University College London's Institute of Health Equity (IHE) has published a draft report suggesting that the health services professionals - including frontline clinicians, managers and decision-makers at local and national level - could play a more active role in positively influencing the social determinants of health and in tackling health inequalities in England [1].

The report is not concerned with access to healthcare (although it acknowledges that access is a social determinant), rather it suggests that those who work in and for the health system, particularly those involved in direct patient care (ie doctors, midwives, health visitors, school nurses, dentists, primary care staff, etc) could exploit their unique access to the population, who "they see . at key points across the life-course . before, during and after birth . during schooling . and at times of illness", so as to further implement the recommendations of the 2010 report of the independent review of strategies for reducing health inequalities in England, chaired by professor Sir Michael Marmot, published in 2010 [2,3].

The 2010 review, commissioned by the Department of Health, applied the same analysis to England as had been applied in professor Marmot's earlier 2008 report for the WHO [4]. The Marmot Review for England demonstrated not only marked differences in average life expectancy between the most and least deprived parts of the country (particularly when disability-free life expectancy are considered) but also that "finely-graded social gradients" were apparent in the public health epidemiological data (similar to those first identified in Marmot's earlier work on the health of civil servants begun in the late 1960s). The implication of the social gradient, the English review concluded, was that focusing solely on the most disadvantaged will not reduce health inequalities sufficiently; "it is necessary to reduce the steepness of the social gradient in health through actions that are universal at the same time as having a scale and intensity that is proportionate to the level of disadvantage".

The new report makes recommendations in three main areas: what health services professionals can do in practice (as clinicians or commissioners, as employers/managers, and as members of associations working across sectors); how education, training and ongoing professional development might be refocused; and how incentives, monitoring and directives might better promote action on social determinants.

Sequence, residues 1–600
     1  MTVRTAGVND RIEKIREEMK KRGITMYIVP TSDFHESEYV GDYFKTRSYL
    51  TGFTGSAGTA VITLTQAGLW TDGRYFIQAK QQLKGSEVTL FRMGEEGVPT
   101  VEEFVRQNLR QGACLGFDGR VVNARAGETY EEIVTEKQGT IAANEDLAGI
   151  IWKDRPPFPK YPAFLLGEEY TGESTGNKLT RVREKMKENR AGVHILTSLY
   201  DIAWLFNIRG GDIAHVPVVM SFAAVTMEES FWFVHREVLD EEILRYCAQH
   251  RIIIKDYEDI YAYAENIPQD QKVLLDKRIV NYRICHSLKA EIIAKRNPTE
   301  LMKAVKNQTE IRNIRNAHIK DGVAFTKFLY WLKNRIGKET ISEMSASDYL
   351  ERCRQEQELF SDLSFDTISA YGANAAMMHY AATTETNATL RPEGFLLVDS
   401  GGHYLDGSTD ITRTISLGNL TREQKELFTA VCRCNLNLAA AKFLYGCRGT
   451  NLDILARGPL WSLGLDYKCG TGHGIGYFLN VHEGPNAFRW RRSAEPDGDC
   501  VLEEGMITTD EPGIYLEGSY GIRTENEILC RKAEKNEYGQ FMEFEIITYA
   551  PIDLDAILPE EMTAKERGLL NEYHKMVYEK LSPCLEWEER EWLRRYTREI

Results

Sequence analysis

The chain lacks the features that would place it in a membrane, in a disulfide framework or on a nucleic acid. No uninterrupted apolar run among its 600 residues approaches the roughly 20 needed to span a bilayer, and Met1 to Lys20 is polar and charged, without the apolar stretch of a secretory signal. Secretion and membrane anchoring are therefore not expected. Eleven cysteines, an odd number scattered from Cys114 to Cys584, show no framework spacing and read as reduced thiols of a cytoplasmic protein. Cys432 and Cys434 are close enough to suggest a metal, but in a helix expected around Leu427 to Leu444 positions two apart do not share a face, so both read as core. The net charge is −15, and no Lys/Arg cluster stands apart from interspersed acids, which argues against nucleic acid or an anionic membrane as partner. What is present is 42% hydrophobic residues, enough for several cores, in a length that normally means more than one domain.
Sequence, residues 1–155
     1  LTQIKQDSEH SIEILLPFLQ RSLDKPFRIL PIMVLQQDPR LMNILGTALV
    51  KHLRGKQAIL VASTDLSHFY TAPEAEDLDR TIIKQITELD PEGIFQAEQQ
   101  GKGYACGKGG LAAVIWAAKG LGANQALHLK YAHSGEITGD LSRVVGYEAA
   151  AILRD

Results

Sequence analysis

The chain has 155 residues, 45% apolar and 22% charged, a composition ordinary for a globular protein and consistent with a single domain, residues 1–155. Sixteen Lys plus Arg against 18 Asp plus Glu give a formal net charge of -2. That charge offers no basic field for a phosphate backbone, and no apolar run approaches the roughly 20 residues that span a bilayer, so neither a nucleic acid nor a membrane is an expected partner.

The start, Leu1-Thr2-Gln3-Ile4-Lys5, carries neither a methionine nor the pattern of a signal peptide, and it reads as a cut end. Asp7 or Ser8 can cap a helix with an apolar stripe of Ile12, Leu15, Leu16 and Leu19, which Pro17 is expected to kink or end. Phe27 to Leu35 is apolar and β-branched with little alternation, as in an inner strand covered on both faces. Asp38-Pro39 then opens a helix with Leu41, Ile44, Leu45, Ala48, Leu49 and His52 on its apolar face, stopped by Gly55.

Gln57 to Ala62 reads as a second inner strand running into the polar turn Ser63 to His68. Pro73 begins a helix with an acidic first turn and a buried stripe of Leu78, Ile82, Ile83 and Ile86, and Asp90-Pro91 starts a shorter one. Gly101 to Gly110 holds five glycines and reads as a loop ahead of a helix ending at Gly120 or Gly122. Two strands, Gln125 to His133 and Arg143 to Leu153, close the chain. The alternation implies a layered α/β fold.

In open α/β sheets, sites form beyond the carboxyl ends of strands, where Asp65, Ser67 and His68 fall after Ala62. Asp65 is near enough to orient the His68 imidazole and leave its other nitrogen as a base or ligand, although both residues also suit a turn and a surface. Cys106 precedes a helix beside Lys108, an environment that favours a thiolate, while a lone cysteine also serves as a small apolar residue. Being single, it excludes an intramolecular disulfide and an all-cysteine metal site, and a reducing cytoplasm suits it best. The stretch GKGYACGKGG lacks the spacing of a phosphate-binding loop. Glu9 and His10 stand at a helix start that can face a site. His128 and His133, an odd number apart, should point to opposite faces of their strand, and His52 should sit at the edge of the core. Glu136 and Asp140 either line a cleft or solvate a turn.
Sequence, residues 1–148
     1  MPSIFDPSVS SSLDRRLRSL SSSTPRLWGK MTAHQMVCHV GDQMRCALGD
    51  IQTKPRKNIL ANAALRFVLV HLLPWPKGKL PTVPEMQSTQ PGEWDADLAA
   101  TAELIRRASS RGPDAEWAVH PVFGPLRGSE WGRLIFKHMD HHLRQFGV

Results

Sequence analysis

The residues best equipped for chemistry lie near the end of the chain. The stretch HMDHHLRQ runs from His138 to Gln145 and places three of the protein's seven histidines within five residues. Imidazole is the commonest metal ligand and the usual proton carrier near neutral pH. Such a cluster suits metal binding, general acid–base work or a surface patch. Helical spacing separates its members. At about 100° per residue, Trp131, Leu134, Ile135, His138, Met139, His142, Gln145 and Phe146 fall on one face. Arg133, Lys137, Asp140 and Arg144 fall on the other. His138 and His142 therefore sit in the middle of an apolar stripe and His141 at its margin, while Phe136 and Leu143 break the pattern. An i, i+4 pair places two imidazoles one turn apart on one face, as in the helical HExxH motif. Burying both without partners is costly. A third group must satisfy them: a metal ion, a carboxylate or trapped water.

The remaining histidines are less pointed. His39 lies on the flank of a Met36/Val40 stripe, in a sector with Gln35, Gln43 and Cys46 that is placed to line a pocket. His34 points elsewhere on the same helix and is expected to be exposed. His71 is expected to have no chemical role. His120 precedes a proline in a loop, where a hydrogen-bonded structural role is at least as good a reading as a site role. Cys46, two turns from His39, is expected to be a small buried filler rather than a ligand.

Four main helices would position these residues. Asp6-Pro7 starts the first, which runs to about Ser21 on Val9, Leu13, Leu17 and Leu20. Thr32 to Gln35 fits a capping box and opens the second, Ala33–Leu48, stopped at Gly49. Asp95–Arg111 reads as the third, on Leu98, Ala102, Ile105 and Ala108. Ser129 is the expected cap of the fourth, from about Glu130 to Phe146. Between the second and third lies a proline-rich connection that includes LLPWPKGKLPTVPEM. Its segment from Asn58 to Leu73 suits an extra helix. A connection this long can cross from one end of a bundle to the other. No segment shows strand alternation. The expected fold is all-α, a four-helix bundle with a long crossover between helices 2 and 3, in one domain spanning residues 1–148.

The radical reorganisation of the health system currently under way in England should not prevent these recommendations being implemented, the draft report suggests; indeed it states that "In a time of systemic and organisational change, there will need to be closer partnership working between Public Health England and the NHS at the national level, and between local government, directors of public health, and clinical commissioning groups at the local level". The report includes many short summaries of exemplary, already-operating schemes involving cross-sector and partnership working.

Comments on the consultation version/draft report are requested before a deadline of 18 May [1].

References

1. Institute of Health Equity (2012). "The role of the health workforce in tackling health inequalities: action on the social determinants of health (consultation version report and questions)".

2. Fair society, healthy lives: a strategic review of health inequalities in England post-2010 (February 2010).

3. The social determinants of health are "the conditions in which people are born, grow, live, work and age. What happens within an individual's social context, during the early years, education, income, skills development, employment and work and within communities all impact on their health and length of life. The Marmot Review demonstrated that there is a gradient in health outcomes, the lower a person's social economic status the worse their expected health".

4. Closing the gap in a generation: health security through action on social determinants of health (2008). Report of the WHO Commission on Social Determinants of Health (CSDH).